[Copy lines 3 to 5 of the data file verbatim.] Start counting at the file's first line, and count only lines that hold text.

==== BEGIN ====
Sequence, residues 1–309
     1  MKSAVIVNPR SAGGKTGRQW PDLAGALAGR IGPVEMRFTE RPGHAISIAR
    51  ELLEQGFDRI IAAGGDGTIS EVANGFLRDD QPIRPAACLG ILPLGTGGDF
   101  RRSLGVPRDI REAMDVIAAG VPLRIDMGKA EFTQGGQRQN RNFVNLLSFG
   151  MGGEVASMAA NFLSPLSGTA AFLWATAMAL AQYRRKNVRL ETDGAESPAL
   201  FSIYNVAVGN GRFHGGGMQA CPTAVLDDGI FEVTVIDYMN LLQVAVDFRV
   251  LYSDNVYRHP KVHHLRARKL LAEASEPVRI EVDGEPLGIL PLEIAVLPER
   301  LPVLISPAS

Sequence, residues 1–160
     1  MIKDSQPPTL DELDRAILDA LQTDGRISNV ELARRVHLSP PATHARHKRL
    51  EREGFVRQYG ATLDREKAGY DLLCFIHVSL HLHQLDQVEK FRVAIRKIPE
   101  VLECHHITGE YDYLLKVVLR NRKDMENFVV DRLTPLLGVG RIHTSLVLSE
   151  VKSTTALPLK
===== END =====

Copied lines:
    51  ELLEQGFDRI IAAGGDGTIS EVANGFLRDD QPIRPAACLG ILPLGTGGDF
   101  RRSLGVPRDI REAMDVIAAG VPLRIDMGKA EFTQGGQRQN RNFVNLLSFG
   151  MGGEVASMAA NFLSPLSGTA AFLWATAMAL AQYRRKNVRL ETDGAESPAL